Each receptacle 42 comprises an inwardly-directed, closed ended tube, sock or pouch 46 which, in the illustrated embodiment, is formed from a flexible or elastomeric material such as rubber and takes the shape of a cone, being narrower at its closed end than at the end adjacent to the opening 40. Each pouch 46 is sized such that insertion of a beverage container 44 therein causes the elastomeric material to stretch around the body of the container. This permits the container 44 to be gripped securely by the tube, preventing it from falling out during use or transportation. In addition, the surface area of the tube in physical contact with the container 44 is increased, thereby improving or optimising thermal transfer between the water in the internal space 12 and the container 44.

In order to prevent pressure from the water in the internal space 12 causing the pouch 46 to collapse or prolapse through the opening 40, opposing pouches 46 are attached to each other at their closed ends. In an alternative embodiment (not shown), the closed end of each pouch 46 is attached or pinned to the inner surface of the opposing wall of the container 10.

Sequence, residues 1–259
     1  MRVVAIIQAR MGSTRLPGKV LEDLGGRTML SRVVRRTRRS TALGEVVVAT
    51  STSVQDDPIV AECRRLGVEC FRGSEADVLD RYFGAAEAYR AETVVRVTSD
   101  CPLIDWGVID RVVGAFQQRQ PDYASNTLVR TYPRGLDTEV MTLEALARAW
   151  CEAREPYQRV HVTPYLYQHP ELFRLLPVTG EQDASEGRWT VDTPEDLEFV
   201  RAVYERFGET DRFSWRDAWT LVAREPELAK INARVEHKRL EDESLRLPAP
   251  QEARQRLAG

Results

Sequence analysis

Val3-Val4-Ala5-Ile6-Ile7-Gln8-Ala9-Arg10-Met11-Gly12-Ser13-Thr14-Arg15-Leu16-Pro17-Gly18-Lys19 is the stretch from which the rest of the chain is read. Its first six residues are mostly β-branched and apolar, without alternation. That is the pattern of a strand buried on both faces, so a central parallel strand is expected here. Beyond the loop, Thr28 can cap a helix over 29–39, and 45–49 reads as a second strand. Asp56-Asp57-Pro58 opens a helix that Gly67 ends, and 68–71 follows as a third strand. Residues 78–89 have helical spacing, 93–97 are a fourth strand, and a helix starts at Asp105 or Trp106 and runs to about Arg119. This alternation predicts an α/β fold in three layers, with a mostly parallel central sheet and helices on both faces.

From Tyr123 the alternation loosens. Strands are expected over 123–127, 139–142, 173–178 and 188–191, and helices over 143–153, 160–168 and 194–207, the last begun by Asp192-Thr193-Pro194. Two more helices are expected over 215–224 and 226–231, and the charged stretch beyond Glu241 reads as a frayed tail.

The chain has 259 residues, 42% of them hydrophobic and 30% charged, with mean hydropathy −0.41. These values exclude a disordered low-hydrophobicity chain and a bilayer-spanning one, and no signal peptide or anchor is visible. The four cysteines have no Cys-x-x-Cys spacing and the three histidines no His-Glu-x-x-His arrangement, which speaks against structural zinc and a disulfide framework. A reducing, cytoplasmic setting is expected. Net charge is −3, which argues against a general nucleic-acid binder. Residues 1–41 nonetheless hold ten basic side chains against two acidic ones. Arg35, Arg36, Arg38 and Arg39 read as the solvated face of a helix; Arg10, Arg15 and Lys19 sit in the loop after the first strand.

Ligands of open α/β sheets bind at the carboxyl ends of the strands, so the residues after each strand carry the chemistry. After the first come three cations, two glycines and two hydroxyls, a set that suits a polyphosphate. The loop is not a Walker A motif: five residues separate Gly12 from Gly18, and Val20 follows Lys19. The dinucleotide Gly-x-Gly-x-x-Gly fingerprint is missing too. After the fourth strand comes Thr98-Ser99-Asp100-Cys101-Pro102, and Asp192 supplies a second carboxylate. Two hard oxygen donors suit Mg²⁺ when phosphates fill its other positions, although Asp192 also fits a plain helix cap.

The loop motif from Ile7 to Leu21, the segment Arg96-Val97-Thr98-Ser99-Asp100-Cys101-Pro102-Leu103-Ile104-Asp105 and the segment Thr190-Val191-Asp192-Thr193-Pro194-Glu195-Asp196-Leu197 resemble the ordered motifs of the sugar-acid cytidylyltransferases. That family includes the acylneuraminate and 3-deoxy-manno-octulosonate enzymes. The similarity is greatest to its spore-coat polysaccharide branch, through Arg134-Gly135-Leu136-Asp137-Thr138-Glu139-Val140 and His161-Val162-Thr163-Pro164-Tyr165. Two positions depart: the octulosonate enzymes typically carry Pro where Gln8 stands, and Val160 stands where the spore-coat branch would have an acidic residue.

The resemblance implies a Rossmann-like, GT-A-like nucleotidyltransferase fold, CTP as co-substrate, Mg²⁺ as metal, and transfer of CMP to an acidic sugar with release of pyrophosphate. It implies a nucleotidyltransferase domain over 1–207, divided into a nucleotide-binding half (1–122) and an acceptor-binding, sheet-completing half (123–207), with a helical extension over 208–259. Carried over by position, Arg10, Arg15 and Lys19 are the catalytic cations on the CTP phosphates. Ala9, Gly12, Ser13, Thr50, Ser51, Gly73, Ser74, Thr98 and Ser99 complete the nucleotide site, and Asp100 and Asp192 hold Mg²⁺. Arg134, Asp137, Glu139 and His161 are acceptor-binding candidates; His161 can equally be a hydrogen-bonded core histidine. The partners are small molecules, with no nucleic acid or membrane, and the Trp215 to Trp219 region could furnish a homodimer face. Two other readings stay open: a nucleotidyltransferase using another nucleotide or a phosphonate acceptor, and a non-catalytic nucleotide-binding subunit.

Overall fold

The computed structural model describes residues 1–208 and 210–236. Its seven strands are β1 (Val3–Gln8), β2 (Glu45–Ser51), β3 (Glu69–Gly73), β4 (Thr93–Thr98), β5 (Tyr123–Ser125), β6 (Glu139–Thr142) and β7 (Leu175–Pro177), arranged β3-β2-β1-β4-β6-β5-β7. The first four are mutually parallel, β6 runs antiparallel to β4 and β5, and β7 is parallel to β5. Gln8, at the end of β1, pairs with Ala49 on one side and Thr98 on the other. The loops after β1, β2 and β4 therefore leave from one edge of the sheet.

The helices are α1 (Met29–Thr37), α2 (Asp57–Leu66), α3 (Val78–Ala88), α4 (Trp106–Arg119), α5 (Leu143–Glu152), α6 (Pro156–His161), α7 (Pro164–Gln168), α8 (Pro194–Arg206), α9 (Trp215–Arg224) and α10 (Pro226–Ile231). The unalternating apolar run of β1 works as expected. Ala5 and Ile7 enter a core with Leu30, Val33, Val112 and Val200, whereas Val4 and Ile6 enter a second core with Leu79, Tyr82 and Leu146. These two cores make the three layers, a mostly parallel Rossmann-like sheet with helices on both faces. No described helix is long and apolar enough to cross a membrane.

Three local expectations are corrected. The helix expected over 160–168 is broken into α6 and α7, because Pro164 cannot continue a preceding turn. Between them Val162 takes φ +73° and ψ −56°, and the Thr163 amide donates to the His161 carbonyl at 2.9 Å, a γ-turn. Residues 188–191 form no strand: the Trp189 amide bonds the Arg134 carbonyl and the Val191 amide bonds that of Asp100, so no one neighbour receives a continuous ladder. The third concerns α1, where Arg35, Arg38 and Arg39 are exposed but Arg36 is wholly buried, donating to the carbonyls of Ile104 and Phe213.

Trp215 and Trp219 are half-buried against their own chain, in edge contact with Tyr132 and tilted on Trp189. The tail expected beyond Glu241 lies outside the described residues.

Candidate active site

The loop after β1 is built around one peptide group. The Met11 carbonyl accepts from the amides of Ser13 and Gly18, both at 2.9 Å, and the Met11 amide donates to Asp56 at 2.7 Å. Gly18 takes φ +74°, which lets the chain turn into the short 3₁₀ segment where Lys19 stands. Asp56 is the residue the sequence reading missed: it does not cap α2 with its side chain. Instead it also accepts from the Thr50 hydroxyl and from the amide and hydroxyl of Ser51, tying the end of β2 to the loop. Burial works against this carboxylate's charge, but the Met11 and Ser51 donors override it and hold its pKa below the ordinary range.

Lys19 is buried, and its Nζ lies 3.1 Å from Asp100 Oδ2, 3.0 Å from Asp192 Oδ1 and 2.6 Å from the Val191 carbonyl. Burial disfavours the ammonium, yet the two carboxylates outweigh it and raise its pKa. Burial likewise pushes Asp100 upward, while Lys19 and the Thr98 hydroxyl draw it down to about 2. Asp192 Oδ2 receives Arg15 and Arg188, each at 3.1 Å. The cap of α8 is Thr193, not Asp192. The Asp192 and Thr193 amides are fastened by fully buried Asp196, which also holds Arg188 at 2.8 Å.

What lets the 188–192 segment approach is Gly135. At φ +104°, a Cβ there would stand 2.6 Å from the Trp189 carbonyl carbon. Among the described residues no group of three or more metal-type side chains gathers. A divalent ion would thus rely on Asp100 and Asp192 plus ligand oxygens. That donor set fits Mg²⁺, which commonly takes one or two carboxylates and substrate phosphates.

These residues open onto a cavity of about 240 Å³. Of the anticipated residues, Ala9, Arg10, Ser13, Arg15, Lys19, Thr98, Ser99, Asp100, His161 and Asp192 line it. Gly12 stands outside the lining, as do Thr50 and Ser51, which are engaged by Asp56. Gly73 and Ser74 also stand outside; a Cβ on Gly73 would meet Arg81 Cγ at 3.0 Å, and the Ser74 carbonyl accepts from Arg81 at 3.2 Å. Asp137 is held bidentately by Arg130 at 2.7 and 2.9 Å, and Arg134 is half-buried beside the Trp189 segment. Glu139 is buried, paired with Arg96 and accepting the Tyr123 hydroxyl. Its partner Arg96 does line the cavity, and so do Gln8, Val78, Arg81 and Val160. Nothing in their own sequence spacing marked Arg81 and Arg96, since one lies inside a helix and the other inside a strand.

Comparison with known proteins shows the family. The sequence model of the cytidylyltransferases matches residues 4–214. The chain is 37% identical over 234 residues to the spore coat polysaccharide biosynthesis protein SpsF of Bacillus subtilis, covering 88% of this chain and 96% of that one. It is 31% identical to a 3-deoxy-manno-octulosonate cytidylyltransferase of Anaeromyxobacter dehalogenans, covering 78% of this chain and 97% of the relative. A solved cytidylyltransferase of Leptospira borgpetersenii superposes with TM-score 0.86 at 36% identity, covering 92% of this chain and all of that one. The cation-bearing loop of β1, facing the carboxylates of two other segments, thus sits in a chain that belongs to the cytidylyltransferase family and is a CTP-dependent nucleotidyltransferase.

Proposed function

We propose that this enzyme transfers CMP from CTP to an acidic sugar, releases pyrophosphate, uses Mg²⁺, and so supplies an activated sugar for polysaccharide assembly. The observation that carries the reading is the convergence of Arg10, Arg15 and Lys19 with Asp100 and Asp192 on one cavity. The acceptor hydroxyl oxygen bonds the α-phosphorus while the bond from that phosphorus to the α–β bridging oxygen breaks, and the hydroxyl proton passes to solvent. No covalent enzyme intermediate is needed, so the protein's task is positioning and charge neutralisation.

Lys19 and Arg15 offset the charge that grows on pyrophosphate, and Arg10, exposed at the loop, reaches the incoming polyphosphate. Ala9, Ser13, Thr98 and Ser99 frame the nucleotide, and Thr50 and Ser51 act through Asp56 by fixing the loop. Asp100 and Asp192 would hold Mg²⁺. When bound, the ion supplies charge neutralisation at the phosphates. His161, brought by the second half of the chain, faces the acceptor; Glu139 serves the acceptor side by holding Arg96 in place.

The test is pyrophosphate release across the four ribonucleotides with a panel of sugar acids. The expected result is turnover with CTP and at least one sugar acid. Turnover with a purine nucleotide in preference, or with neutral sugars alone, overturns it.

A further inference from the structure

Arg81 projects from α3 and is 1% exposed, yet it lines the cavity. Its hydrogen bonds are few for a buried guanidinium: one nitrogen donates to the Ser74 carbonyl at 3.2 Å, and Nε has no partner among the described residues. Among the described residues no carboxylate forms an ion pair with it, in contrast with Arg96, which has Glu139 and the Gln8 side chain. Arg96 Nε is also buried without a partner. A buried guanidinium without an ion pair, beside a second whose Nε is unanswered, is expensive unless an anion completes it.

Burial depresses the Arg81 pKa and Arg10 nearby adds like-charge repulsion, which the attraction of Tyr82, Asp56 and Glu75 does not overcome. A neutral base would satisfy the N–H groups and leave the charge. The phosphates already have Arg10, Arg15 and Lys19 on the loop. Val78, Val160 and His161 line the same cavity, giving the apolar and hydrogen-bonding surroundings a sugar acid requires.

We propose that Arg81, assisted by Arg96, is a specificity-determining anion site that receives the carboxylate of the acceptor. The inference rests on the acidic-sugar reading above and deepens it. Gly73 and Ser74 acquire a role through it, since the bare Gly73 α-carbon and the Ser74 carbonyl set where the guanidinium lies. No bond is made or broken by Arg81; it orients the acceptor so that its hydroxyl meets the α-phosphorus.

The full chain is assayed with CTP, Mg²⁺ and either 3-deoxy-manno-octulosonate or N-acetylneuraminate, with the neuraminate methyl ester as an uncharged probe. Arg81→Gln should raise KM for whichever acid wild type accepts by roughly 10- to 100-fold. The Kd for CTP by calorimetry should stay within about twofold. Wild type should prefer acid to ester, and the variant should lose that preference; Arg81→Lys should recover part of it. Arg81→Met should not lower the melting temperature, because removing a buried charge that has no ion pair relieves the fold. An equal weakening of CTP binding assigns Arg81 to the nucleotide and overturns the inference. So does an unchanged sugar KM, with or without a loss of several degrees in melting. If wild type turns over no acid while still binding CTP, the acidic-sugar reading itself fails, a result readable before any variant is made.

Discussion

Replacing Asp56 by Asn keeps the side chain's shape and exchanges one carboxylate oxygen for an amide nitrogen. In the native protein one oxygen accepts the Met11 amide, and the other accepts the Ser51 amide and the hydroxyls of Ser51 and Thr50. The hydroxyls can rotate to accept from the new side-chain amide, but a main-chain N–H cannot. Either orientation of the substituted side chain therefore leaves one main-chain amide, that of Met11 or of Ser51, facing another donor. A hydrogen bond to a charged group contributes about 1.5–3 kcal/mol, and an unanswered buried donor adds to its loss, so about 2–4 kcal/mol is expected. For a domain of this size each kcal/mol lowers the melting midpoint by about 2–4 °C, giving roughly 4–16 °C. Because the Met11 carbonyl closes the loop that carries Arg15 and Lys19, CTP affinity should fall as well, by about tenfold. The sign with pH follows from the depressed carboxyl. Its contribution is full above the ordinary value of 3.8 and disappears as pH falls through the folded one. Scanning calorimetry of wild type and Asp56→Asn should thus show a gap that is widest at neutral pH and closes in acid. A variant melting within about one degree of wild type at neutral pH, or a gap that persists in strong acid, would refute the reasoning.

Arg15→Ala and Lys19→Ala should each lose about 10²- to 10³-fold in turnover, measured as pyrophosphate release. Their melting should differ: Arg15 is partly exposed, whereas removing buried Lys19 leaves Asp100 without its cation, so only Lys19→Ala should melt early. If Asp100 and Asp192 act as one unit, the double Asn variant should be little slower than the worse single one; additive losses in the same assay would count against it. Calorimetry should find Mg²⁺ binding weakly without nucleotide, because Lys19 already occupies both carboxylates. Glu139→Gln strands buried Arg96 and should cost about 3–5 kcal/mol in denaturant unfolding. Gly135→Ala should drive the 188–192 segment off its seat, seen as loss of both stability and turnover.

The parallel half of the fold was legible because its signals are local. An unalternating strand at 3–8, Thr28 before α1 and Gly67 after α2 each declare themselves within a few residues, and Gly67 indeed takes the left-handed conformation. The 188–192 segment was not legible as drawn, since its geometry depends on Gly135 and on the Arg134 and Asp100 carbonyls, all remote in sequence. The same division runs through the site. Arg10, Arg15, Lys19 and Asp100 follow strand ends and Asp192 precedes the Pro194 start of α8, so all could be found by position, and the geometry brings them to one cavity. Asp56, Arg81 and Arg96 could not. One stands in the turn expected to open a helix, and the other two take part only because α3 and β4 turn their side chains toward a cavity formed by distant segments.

Operation of the refrigerator will now be described. When the refrigerator is first started, it can be assumed that all of the water is at or around the ambient temperature. The refrigeration unit 30 is run to cause its refrigeration element 32 to cool to a temperature that is typically well below the freezing point of water - for example, as low as -30°C. This, in turn, causes water in the immediate surroundings of the cooling element to cool. As the water cools, its density increases. This sets up a convection current, whereby the cooled water sinks in the casing 10, so displacing warmer water below. This warmer water rises, and is, in turn, cooled. The average temperature of all of the water within the casing 10 falls. However, once the temperature of the water surrounding the cooling element 32 approaches 4°C, the rate of convection decreases. This causes the lower part of the water to become comparatively stagnant, with a temperature of around 4°C. The water immediately surrounding the cooling element may fall below this, or may eventually freeze. However, the ice formed by this freezing will be less dense than the warmer water below, so the ice will float upwards. Ice may continue to form, and grow downwards as cooling continues. Once the growing ice reaches and is detected by the ice probe 36, power to the refrigeration unit 30 is cut, so no further ice will form.